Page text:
When it comes to helpful tools for clients, what advisors are using and how they are being used varies considerably from channel to channel.
RIAs, for example, appear to have far lower usage or interest in these client-approved resources. And wirehouse advisors are more likely than other advisors to use these resources outside of an in-person meeting.
A new study by Practical Perspectives examines how financial advisors use client-approved resources, specifically examining client-approved materials and tools.
“Providers of client-approved materials and tools should recognize that the needs and interests of advisors are not homogeneous and vary by segment,” the report states.
Practical Perspectives defines “client-approved resources” broadly, including letters, brochures, worksheets, web content, online calculators, illustrations, and other nonregulatory communication pieces, content, and tools that are approved for advisors to use directly with prospects and clients. Excluded were communications such as statements, prospectuses, annual reports, or other content driven by compliance or regulatory requirements.
“A one-size-fits-all approach to client-approved support will likely sub-optimize the impact of dollars spent on these programs and not fully leverage the opportunity to influence advisors,” the study says, adding that, “Looking ahead, providers of client approved materials and tools should continue to focus on the simplicity, objectivity, and utility these resources offer to advisors. Advisors have incorporated impactful client-approved content and tools into how they interact and engage with investors on a regular basis, and perceive that these offerings influence how they think and behave toward various sources.”
This report is based on online survey responses in July from more than 500 advisors, across key channels including wirehouse, regional, independent and RIAs.
Here are some key takeaways from the study:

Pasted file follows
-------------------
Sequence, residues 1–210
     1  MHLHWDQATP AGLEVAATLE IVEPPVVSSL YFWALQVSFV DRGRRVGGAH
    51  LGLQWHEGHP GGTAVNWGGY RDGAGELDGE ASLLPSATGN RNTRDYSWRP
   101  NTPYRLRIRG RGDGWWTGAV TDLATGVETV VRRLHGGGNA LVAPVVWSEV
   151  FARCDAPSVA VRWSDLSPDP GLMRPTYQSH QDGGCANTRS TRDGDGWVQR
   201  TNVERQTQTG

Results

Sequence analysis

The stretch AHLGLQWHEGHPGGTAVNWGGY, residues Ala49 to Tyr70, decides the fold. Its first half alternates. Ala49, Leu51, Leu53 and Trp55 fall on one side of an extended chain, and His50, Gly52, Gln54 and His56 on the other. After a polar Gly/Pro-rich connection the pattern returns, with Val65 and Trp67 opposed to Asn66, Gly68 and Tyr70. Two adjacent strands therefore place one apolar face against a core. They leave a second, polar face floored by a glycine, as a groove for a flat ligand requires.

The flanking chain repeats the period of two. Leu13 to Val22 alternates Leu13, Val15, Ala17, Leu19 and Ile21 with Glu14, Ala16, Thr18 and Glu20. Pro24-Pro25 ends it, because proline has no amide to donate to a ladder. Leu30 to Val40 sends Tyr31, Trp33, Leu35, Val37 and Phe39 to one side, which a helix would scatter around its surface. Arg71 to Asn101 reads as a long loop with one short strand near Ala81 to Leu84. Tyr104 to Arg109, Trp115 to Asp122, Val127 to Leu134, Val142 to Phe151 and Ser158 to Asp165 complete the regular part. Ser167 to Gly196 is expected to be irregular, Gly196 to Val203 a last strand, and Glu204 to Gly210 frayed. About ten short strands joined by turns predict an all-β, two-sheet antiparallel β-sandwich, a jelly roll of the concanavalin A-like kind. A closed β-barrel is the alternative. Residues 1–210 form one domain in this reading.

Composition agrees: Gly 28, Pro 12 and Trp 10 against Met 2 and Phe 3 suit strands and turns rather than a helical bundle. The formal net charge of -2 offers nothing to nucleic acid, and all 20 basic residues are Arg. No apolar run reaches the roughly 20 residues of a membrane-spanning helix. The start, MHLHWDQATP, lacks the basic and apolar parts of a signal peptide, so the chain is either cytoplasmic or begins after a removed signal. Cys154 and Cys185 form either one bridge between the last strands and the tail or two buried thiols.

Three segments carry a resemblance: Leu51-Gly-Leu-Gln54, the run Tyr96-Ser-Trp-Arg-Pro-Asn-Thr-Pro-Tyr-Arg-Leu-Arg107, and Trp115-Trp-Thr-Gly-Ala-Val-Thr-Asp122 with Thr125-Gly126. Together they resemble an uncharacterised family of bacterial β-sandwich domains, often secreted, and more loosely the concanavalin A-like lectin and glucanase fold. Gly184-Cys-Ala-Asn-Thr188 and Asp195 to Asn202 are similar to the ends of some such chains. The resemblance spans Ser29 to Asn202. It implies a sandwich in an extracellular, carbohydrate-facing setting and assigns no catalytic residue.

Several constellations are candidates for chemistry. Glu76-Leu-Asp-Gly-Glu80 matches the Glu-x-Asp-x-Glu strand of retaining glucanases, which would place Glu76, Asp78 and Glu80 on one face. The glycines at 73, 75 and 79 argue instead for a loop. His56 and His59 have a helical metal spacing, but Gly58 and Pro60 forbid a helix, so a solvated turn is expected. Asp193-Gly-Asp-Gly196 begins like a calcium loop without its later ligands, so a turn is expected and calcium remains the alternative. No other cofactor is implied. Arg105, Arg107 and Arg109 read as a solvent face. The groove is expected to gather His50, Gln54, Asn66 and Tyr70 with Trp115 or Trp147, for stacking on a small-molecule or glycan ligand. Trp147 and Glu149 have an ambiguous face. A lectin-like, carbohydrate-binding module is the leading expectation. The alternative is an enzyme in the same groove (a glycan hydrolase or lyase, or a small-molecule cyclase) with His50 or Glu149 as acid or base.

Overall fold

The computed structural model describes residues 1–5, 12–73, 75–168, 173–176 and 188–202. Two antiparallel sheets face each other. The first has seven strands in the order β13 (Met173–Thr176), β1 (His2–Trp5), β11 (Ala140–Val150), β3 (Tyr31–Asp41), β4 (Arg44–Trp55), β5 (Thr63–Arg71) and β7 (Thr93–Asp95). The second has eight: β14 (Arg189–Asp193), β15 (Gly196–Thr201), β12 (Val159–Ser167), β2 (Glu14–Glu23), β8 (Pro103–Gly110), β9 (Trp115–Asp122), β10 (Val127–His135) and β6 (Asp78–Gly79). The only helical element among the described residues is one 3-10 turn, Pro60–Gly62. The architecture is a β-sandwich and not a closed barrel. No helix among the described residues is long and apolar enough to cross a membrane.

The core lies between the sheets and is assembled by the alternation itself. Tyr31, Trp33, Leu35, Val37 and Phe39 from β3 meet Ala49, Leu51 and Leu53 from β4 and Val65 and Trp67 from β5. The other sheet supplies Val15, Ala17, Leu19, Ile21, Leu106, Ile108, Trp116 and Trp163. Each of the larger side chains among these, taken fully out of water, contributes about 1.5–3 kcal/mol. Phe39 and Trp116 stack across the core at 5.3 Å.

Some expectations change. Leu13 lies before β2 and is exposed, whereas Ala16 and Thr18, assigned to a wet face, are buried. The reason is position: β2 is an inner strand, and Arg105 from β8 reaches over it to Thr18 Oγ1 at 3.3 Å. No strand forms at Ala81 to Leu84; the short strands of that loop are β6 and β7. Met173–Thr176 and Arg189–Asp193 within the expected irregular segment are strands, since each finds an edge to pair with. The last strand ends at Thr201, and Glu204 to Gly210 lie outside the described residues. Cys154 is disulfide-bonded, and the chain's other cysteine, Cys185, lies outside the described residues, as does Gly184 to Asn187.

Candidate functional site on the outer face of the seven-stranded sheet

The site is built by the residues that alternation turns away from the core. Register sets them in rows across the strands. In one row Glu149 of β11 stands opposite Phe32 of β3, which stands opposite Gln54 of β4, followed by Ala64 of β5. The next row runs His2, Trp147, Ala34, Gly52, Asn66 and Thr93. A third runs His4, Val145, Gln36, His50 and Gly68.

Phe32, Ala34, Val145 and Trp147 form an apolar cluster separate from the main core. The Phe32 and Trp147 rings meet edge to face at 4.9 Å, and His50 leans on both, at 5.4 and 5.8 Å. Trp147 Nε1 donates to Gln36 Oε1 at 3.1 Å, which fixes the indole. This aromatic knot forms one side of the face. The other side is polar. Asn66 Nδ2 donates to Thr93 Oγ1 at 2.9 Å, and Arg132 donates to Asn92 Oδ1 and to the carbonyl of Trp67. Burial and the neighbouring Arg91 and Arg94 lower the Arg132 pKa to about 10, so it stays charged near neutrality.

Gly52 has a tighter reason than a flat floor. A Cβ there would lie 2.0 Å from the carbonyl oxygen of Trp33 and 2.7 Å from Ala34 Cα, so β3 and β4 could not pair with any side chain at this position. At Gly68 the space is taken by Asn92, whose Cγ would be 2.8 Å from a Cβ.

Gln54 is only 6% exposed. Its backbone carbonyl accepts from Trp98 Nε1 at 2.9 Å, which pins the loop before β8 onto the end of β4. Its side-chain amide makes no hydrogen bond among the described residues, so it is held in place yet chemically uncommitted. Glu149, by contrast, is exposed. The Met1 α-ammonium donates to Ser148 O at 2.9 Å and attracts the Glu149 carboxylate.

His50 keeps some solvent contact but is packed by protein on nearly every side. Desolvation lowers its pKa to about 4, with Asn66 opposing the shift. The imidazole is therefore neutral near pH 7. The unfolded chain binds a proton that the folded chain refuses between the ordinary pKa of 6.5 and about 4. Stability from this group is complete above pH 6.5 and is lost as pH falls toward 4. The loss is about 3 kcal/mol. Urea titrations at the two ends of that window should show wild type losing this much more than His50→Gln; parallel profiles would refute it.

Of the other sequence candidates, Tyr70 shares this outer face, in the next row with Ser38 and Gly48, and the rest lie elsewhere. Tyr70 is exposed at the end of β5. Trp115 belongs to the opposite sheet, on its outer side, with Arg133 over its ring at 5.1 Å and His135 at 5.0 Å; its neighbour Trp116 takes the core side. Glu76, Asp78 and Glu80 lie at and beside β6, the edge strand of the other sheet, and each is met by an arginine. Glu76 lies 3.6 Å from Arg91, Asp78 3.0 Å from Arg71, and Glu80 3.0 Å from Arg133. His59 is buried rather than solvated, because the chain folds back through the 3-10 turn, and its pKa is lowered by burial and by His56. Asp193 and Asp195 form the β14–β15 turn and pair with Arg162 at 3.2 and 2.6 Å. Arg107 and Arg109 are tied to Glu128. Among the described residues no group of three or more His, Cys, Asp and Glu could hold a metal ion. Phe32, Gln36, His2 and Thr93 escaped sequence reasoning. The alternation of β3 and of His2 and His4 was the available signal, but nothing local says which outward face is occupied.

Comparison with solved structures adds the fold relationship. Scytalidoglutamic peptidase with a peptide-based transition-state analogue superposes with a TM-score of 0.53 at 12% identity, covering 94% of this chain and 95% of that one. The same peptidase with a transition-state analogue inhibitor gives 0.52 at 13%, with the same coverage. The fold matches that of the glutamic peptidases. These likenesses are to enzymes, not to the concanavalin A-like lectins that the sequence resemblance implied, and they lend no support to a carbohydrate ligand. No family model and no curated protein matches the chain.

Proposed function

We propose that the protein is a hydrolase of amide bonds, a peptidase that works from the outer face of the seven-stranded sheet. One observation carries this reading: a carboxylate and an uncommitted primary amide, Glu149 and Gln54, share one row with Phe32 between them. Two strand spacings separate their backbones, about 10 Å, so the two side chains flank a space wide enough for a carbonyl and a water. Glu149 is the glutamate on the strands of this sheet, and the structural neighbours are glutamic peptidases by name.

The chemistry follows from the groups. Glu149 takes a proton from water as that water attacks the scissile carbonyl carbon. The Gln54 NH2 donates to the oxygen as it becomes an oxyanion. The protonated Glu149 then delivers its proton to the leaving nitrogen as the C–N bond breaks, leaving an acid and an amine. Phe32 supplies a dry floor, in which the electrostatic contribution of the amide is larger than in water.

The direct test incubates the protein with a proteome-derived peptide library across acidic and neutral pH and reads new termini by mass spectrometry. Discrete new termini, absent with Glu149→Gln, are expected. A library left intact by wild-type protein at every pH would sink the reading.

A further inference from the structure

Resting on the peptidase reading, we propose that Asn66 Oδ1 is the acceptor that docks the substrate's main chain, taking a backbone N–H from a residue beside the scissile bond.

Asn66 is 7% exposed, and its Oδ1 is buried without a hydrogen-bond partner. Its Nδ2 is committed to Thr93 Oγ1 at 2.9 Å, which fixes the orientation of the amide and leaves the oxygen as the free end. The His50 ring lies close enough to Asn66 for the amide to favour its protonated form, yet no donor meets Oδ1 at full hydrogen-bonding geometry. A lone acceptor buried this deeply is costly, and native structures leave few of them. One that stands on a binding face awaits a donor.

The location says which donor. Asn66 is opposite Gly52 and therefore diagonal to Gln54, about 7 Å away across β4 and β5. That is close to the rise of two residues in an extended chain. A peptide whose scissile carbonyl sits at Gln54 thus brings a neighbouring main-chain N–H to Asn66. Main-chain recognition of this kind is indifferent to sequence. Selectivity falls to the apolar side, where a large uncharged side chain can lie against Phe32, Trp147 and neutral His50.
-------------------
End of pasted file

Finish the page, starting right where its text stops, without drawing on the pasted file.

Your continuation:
Who is using these tools the most
While 92% of advisors utilize client-approved materials and tools, Practical Perspectives found that regional and wirehouse advisors are more likely to be significant users while RIAs are far less likely than other types of advisors to use client-approved content and capabilities. Less than one in 10 RIAs indicated they were heavy users of these materials and tools, and 40% of the RIAs surveyed said they do not use them.
“While the majority of independent advisors use client-approved materials, they are more likely to be minor users compared to regional and wirehouse representatives,” the report says.
A wide range of providers were identified as offering useful client-approved support, but the most frequently listed firm was American Funds. Of the more than 175 different firms listed as leading sources of client-approved support, the runners-up were Franklin Templeton, BlackRock/iShares, JPMorgan, Jackson National, MFS, Prudential, Morningstar, PIMCO and Vanguard.
Advisors participating in the research were asked to identify the top three sources that offer the most useful client approved materials and tools which they rely on, and answers ranged from asset managers to ETF providers, insurance companies, information providers, and broker-dealers and custodians.
“The goal was to identify which firms are most prominent in this space,” the report states. “It is not intended to reflect actual market share of the providers or platforms. It is also recognized that not all providers and platforms are available to every advisor.”